At the same time, powdered garlic has a higher pungency in an equal quantity to the coarse kind. Hence, if you switch granulated garlic for the powdered type, you will probably have to use more. And the other way round, if you are replacing the powder with granulated garlic, you will have to reduce the amount.
This section is shared with you in order for you to get an idea about the amounts of quantities when you want to substitute a specific garlic product with one another.
- One fresh garlic clove = 1/4 teaspoon of powdered garlic
- One fresh garlic clove = 1/2 teaspoon of granulated garlic
- One teaspoon powdered garlic = two teaspoons granulated garlic
- One teaspoon granulated garlic = 1/2 teaspoon powdered garlic
Granulated Garlic Vs Garlic Powder Vs Fresh Garlic
We believe that most of you have all these three ingredients in your kitchen right now. If you have been cooking all your life long or if you have just begun to cook, it is extremely important to know the differences and uses of fresh garlic, granulated garlic, and powdered garlic since you will deal a lot more with them than you ever thought.
So to get started, let us first explain how fresh garlic would differ from garlic powder and granulated garlic. To be loud and clear, nothing can actually beat the freshness, rich flavor, intensity, and pungency of fresh garlic- no, not even garlic powder or granulated garlic.
As we know, just like it happens with many fresh herbs, when garlic is dried and either granulated or powdered, the intensity and flavor may reduce to some extent-just slightly, not very much, though.
However, garlic powder and granulated garlic would be great alternatives in recipes that call in for fresh garlic. But, as mentioned on top, powdered or granular versions are not favorable in sauteeing since they have a tendency to burn quickly.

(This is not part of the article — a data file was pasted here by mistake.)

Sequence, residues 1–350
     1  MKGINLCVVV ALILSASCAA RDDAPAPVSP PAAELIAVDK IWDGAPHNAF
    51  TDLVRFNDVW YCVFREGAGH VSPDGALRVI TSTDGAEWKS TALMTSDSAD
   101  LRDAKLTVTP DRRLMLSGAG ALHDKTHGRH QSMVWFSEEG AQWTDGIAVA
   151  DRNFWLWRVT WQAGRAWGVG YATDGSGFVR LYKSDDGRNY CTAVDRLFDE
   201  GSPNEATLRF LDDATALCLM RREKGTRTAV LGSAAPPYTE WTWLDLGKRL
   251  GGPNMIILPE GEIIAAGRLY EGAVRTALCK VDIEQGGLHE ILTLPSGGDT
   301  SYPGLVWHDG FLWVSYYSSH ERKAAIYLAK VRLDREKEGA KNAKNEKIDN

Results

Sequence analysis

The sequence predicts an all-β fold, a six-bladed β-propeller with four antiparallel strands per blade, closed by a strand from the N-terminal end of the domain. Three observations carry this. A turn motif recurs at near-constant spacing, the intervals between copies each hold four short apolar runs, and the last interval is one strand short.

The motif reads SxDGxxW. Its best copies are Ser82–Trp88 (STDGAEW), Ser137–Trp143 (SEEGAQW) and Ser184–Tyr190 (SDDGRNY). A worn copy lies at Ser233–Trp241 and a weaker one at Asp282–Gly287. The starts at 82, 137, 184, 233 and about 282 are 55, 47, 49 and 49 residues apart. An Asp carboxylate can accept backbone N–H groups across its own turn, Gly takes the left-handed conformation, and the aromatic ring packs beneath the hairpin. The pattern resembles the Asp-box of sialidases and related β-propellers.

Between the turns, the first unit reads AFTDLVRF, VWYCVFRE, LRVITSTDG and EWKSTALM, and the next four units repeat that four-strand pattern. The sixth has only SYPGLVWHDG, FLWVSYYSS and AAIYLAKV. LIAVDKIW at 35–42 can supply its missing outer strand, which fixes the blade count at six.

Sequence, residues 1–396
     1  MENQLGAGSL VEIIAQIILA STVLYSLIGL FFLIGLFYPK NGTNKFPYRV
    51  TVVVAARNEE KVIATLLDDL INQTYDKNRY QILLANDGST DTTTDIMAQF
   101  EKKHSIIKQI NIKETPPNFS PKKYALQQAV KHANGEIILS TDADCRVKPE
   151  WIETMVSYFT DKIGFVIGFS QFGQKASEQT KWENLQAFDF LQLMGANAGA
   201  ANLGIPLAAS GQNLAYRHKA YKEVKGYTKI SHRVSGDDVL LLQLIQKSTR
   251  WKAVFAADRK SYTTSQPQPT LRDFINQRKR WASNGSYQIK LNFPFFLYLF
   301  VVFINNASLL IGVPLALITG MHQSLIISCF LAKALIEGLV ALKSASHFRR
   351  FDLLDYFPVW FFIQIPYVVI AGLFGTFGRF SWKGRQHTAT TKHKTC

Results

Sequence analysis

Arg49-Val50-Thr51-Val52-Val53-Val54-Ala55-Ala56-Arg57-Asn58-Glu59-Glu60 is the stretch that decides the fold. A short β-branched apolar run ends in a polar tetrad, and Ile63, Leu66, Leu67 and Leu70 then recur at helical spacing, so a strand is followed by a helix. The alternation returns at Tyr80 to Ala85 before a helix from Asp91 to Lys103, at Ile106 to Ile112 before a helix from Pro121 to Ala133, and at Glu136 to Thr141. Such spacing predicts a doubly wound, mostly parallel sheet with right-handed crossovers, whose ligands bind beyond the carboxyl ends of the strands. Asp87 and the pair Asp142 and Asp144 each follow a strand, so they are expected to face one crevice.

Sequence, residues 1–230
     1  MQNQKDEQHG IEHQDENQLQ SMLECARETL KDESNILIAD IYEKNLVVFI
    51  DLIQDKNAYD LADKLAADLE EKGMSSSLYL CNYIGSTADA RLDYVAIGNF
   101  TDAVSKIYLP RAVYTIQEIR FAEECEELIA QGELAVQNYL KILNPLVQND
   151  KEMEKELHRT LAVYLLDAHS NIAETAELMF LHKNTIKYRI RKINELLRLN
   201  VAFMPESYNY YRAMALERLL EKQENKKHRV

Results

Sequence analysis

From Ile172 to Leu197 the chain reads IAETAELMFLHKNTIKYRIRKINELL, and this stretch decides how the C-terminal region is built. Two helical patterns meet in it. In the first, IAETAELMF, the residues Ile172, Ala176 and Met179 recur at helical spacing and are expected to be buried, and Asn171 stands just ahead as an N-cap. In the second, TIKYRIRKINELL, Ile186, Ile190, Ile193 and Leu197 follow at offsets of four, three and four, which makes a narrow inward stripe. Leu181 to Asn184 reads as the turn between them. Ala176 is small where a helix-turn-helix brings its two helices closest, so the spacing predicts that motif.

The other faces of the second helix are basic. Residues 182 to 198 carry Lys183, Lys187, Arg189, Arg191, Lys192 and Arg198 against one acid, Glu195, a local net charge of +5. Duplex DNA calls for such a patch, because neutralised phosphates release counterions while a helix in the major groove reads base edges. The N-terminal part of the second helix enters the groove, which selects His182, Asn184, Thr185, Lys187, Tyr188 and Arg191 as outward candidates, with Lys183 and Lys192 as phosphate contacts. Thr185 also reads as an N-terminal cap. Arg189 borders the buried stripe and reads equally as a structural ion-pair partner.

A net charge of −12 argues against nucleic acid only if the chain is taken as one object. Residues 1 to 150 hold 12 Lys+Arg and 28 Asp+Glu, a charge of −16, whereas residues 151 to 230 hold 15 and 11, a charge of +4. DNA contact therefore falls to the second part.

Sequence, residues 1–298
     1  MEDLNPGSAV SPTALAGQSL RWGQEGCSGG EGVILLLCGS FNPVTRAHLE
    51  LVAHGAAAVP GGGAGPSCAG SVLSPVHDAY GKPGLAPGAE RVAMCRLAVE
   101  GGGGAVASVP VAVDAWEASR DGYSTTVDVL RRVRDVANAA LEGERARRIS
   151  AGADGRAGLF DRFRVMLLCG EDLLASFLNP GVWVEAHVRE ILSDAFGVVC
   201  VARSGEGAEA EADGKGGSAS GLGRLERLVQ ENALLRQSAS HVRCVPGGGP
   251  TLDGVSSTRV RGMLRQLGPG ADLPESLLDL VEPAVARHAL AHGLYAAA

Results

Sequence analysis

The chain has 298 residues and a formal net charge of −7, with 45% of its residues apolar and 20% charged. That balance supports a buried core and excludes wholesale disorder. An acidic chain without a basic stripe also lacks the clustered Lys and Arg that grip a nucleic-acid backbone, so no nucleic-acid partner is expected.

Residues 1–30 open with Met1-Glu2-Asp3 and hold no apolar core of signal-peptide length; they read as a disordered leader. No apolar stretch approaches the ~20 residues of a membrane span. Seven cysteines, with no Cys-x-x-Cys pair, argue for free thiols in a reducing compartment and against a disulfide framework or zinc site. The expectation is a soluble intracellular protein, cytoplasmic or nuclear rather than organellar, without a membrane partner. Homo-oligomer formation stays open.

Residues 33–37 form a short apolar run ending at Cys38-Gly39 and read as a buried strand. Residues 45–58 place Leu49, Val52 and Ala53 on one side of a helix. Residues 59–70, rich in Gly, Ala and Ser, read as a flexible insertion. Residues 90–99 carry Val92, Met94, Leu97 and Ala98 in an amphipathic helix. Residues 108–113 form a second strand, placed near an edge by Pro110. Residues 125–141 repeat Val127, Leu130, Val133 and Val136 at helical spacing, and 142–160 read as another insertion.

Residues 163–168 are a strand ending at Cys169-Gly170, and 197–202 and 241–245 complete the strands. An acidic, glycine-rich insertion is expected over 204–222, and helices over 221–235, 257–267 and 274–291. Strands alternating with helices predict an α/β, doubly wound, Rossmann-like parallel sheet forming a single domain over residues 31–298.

Moreover, having granulated garlic and garlic powder in your kitchen could be a life-saver since you don’t have to stress peeling and chopping fresh garlic with stinks on your hands, especially when preparing a big meal; in a time out of the blue!
You already know that garlic powder is such a versatile spice that will give a pungent kick to any recipe it is counted to. It does wonders with chili cheese nachos, and if you need to discover more, you are just one snap away from here!
True to the terms, garlic will unquestionably take your meals to the next level of tastiness. It is a versatile spice with an unconquerable flavor profile.
So, as you see, these two versions of garlic- garlic powder and garlic granules also contribute to enhancing the palatableness of your meals to a comparable extent. They are just different in their consistency but have similar tastes.
Thus, if you have garlic granules and powdered both at home, now you precisely know how, when, and where to use them with the dishes you make. And, do not hesitate to bring them down to your spice rack when you go shopping next time, as they are worth a spot in your kitchen!